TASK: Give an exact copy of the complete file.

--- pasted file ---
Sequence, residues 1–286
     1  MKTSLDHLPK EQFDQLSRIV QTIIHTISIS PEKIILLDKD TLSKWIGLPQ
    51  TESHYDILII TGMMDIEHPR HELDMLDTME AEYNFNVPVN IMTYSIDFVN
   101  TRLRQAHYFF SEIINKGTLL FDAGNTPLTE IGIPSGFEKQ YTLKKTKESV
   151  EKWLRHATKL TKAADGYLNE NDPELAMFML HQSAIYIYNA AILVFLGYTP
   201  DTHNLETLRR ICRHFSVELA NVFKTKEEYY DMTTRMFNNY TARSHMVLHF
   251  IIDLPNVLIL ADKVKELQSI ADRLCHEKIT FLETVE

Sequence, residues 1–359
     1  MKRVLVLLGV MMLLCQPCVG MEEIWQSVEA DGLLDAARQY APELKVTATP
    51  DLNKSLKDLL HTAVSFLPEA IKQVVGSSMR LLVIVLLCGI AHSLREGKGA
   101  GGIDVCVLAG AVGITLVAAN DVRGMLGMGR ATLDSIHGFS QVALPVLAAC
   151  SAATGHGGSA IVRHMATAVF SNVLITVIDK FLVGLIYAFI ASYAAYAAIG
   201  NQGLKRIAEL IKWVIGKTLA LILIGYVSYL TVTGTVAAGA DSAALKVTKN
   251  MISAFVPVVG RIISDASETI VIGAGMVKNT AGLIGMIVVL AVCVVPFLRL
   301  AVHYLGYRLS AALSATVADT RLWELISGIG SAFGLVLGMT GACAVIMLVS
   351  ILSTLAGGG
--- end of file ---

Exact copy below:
Sequence, residues 1–286
     1  MKTSLDHLPK EQFDQLSRIV QTIIHTISIS PEKIILLDKD TLSKWIGLPQ
    51  TESHYDILII TGMMDIEHPR HELDMLDTME AEYNFNVPVN IMTYSIDFVN
   101  TRLRQAHYFF SEIINKGTLL FDAGNTPLTE IGIPSGFEKQ YTLKKTKESV
   151  EKWLRHATKL TKAADGYLNE NDPELAMFML HQSAIYIYNA AILVFLGYTP
   201  DTHNLETLRR ICRHFSVELA NVFKTKEEYY DMTTRMFNNY TARSHMVLHF
   251  IIDLPNVLIL ADKVKELQSI ADRLCHEKIT FLETVE

Sequence, residues 1–359
     1  MKRVLVLLGV MMLLCQPCVG MEEIWQSVEA DGLLDAARQY APELKVTATP
    51  DLNKSLKDLL HTAVSFLPEA IKQVVGSSMR LLVIVLLCGI AHSLREGKGA
   101  GGIDVCVLAG AVGITLVAAN DVRGMLGMGR ATLDSIHGFS QVALPVLAAC
   151  SAATGHGGSA IVRHMATAVF SNVLITVIDK FLVGLIYAFI ASYAAYAAIG
   201  NQGLKRIAEL IKWVIGKTLA LILIGYVSYL TVTGTVAAGA DSAALKVTKN
   251  MISAFVPVVG RIISDASETI VIGAGMVKNT AGLIGMIVVL AVCVVPFLRL
   301  AVHYLGYRLS AALSATVADT RLWELISGIG SAFGLVLGMT GACAVIMLVS
   351  ILSTLAGGG